Voting: a right and a privilege, not a right for the privileged

Jul 27 2012

When I was 4 years old, my mother taught me how to tell whether I could trust people. She said to trust my instincts. Speaking in terms a young child could understand, she said, “you can tell you shouldn’t trust someone if they give you a funny tummy feeling.”

I find that idea works not only for children lost in a grocery store. I use it when analyzing politics. The current concern with “voter fraud” and the remedy of new voter ID legislation gives me a funny tummy feeling.

Individual states–many of them southern, many of them rust-belt swing states–have been debating new voter ID laws and passing legislation to make it more difficult for minorities, the elderly and college students to vote on election day.

Conservative politicians who advocate for these laws claim that requiring voters to show ID protects against fraud. However, there is no evidence that a modern election has been altered by fraudulent votes. In fact, The New York Times reported that “A number of election law experts, based on their own research, have concluded that the accusations regarding widespread fraud are unjustified.”

Still, conservative lawmakers are hell-bent on passing legislation for something that works more to suppress voter participation than encourage it.
The NAACP, among others, has been a vocal opponent of new voter ID legislation. A significant number of individuals who lack IDs are African-Americans and other minorities. According the The Huffington Post, Attorney General Eric Holder said that while only 8 percent of whites lack the necessary identification to vote, 25 percent of black people lack such identification.

Why, then, are conservative lawmakers pushing so hard? It looks like nothing more than a poorly disguised effort to obstruct democracy. In 2008, the African-American vote overwhelmingly went to Obama. No wonder conservatives are willing to stoop to any level to pass legislation to prevent Obama from winning a second term.
Young voters, especially college students, are another group affected by new voter ID laws. Only about 50 percent of college students who live on campus have cars, which require a current driver’s license. Additionally, students who move to other states for college have to jump through extra hoops when trying to get an ID. College students frequently change residency on campus, which could catch them in the snare of new voter ID requirements.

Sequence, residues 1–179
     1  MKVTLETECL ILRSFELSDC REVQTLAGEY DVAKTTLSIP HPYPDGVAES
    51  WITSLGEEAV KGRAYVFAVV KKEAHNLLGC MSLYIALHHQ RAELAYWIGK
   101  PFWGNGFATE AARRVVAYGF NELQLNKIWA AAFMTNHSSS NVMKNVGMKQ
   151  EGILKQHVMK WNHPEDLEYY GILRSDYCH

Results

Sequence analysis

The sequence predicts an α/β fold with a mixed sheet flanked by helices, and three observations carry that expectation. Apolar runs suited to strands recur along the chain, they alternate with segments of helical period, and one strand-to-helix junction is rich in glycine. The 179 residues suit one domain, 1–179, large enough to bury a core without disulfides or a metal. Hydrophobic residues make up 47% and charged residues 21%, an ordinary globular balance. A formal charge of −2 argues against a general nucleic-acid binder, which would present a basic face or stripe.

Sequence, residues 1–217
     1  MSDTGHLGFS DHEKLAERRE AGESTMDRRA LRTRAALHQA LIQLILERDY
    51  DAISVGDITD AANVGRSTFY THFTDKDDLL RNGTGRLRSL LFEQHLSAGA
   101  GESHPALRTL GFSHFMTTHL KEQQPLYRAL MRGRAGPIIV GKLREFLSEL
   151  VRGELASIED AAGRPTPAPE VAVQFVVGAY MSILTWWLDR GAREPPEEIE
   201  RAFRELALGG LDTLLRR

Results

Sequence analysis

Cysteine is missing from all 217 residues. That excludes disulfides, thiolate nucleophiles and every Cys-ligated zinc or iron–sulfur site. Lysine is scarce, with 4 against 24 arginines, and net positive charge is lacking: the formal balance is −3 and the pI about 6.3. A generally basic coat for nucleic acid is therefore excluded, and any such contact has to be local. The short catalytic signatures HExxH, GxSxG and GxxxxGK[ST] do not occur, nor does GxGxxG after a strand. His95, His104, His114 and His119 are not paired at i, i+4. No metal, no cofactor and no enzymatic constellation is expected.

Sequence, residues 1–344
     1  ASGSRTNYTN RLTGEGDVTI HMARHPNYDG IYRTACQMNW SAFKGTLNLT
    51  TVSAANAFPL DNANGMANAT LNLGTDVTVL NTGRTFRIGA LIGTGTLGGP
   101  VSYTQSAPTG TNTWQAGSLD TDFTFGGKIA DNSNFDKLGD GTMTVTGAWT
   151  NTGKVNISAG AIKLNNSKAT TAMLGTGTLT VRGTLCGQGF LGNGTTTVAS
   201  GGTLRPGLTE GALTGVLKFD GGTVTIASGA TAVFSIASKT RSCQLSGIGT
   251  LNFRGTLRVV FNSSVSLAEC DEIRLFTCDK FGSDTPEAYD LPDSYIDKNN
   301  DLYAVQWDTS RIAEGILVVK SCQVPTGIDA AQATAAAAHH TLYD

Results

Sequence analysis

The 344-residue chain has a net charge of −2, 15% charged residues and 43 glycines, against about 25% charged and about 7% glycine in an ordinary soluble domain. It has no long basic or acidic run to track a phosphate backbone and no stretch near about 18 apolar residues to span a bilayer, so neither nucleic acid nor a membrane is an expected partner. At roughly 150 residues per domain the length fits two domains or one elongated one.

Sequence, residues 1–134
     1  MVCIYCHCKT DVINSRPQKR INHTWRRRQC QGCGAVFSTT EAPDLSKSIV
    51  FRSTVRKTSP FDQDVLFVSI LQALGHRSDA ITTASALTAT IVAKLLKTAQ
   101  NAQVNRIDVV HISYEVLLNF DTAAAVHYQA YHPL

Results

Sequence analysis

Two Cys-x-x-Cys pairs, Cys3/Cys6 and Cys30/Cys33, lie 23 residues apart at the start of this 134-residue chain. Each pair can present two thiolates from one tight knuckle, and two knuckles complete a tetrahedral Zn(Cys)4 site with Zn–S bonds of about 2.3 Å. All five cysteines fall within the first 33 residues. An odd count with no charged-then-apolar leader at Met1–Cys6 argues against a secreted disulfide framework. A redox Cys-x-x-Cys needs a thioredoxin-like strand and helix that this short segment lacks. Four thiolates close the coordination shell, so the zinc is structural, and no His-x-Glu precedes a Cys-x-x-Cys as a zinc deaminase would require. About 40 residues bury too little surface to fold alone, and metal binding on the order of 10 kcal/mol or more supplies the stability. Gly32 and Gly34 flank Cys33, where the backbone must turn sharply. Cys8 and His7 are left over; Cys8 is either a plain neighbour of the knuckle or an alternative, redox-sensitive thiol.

It is well known that 18-24 year-olds have a lower turnout than older groups. Why then would conservative lawmakers want to put further hurdles in the way of young adults? The answer is quite simple–60 percent voters aged 18-29 lean toward Obama, whereas only 29 percent support Romney.

Moreover, it is fundamentally wrong to charge a fee for voting, which is the effect of requiring an ID. Eric Holder calls these poll taxes. Who would have thought that in 2012, after countless struggles and triumphs against discriminatory voting practices, this would become an issue again?

IDs can be a cruel expense for the poor and the elderly. For example, it costs $34.50 for a driver’s license in Pennsylvania, which has very strict voter ID rules. Even simple identification cards cost $13.50, which is enough to force needy families to choose between putting food on the table and voting. For many, voting is the only opportunity to have a voice.
Voter ID legislation that specifically penalizes minorities, the young and the elderly are unfair and unconstitutional. Furthermore, they endanger the ideals of fairness and the long-sought victories of equal suffrage in this country. After all, inclusiveness is what makes the big melting pot we live in so great. The opportunity for all races and ages to participate in the important practice of democracy is threatened.

Doesn’t that give you a funny tummy feeling, too?

Hannah K. Field is a senior at Brevard High School in Brevard, N.C, and a 2012 Chuck Stone Program for Diversity in Education and the Media scholar.


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